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Saudi Aramco Borrows Again to Fund Dividend Pledge Despite Oil Recovery

Saudi Aramco’s return to the global debt markets this week demonstrated the oil giant’s need to raise cash despite high energy prices, as it issued its inaugural dollar-denominated Islamic bond to meet a dividend pledge and complete a costly acquisition.

Saudi Arabian Oil Co., as the world’s largest listed oil company is officially called, raised $6 billion in Islamic bonds, or sukuk, on Wednesday, according to people familiar with the issue. It last sold $8 billion in conventional bonds in November when oil prices were floundering due to the coronavirus pandemic.

An Aramco spokesperson said the company was raising funds for general corporate purposes.

Oil prices have rebounded in recent months, easing some pressure on Aramco, but it would still need to borrow to meet its commitments, analysts said.

Aramco pledged to pay an annual $75 billion dividend in a bid to lure investors to an initial public offering in 2019. It also agreed to pay $69 billion for a majority stake in Saudi Arabia’s national petrochemicals firm in a deal encouraged by the Saudi government, which owns 98% of Aramco and relies on the dividends for much of its funding.

That ownership arrangement has led Aramco to stick by its commitment to make quarterly payments even as other big oil companies, such as

Royal Dutch Shell

PLC and

BP

PLC, cut their dividends last year to preserve cash, amid sharply falling oil demand and prices thanks to the pandemic.

The collapse in prices last year hit Aramco’s profits hard, forcing it to cut jobs, weigh the sale of assets, and review plans to expand at home and abroad, The Wall Street Journal has reported. Profits dropped 44% in 2020, and the company’s dividend payments dwarfed its free cash flow of $49 billion.

Oil prices have recovered significantly since the depths of last year, with Brent crude trading above $72 a barrel on Friday. A sustained rebound could help ease pressure on Aramco to borrow by improving its balance sheet.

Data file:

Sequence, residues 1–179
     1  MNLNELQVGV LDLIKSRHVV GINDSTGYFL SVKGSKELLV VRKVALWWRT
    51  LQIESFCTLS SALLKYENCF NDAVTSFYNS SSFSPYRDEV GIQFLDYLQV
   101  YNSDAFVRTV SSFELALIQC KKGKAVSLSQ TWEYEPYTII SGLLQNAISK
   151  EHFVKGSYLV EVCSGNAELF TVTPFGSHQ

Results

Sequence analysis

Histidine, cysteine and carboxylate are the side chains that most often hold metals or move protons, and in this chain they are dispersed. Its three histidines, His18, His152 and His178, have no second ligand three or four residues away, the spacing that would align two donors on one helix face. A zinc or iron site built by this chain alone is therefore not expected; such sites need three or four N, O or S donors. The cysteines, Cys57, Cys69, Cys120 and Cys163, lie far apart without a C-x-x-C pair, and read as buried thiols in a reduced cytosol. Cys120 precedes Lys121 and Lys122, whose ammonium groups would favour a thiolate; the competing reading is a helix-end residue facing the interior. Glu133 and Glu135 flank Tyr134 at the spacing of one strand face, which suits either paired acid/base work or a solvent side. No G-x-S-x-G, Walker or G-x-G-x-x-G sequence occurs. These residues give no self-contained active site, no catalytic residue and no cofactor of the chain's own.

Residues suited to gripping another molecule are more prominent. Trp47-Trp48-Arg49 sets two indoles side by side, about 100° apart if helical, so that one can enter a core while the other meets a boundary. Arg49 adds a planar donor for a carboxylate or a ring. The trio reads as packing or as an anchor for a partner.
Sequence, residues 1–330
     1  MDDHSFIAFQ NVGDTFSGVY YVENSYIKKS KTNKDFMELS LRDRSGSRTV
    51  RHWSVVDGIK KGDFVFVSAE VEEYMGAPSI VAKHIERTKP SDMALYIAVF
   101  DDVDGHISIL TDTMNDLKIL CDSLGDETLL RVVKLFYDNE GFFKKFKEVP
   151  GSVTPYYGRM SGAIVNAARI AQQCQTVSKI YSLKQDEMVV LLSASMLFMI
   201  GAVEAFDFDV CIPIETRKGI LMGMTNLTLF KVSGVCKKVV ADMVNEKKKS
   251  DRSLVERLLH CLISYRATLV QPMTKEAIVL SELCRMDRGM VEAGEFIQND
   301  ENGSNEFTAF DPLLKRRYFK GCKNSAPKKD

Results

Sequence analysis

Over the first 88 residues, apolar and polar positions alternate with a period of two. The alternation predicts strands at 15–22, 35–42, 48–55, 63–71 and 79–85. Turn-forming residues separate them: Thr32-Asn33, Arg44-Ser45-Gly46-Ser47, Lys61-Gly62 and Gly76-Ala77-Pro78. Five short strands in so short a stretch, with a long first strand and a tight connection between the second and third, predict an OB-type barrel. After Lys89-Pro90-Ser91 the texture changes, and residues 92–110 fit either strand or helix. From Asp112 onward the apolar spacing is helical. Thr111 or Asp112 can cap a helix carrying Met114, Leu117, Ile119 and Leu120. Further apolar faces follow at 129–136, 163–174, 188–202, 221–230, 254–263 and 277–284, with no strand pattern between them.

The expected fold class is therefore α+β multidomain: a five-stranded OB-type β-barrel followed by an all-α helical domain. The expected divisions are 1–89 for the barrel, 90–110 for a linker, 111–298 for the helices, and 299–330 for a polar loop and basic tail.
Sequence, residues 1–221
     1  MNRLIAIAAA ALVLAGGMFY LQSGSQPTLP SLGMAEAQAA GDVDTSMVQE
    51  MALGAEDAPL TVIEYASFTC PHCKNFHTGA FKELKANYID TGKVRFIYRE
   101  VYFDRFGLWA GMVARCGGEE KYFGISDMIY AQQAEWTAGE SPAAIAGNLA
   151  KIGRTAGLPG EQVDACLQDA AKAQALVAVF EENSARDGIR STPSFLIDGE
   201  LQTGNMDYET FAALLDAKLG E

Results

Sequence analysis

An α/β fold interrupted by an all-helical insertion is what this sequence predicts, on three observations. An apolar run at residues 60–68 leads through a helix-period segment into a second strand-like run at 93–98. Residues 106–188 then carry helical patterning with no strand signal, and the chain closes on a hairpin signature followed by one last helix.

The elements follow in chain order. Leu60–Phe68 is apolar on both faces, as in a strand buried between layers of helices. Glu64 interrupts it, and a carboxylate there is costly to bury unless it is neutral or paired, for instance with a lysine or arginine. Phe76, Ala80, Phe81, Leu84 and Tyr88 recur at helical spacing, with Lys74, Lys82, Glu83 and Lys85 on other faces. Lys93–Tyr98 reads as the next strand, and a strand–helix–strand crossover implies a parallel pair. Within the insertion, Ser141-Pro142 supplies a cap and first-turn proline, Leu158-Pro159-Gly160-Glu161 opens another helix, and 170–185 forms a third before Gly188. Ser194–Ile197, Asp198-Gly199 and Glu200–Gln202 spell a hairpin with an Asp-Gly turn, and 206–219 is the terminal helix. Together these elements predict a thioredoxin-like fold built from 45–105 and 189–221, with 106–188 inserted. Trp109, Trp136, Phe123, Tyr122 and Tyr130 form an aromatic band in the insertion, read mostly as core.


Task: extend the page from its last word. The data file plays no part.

Free cash flow in the first quarter of 2021 was $18.3 billion, just shy of the $18.75 billion dividend for the period. Strong oil prices helped beat analysts’ forecasts with a 30% rise in net profit, and net income rose to $21.7 billion from $16.7 billion a year earlier.

Yet Aramco’s debt levels still rose substantially, mainly because of its acquisition of chemicals maker Saudi Basic Industries Corp. Gearing—a measure of debt as a percentage of equity—increased from 0.2% at the end of 2019 and minus 5% in early 2020 to 23% by March this year, above the company’s self-imposed cap of 15%.

Aramco’s free cash flow is expected to end up between $66 billion and $70 billion for all of 2021, depending on “reasonable expectations” of oil price and production, said Mazen al-Sudairi, head of research at Riyadh-based Al Rajhi Capital. That would require the company to borrow $5 billion to $9 billion to meet its dividend obligation.

Mr. Sudairi said the government could adjust the share of its dividend in future years according to its budgetary needs and Aramco’s financial capacity.

Aramco sold a small sliver of itself on the local Saudi exchange in December 2019 after repeated delays over valuation and the venue for an international listing that was eventually scrapped. Earlier that year, it raised $12 billion via its debut international bond sale.

Analysts said investors who would normally be concerned about a company raising debt to help fund dividends are more acceptable to Aramco’s issuances, as it remains the world’s largest oil producer with one of the lowest costs of extracting oil among its peers.

Aramco’s debt sale this week attracted strong demand that allowed the company to tighten the spreads across tranches, the people familiar with the issue said. Aramco sold $1 billion in a three-year tranche priced at 0.65 percentage points over Treasurys. Similarly, it sold $2 billion in a five-year portion at 0.85 percentage points over this benchmark and $3 billion in 10-year paper at 1.20 points above.

Sukuk are structured to abide by Islam’s ban on interest payments, often by incorporating assets or cash flow in the underlying transaction. Issuers as a result are able to tap a wider pool of investors than with more conventional bonds.

Write to Summer Said at summer.said@wsj.com and Stephen Kalin at stephen.kalin@wsj.com

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Saudi Aramco Borrows Again to Fund Dividend Pledge Despite Oil Recovery Source link Saudi Aramco Borrows Again to Fund Dividend Pledge Despite Oil Recovery

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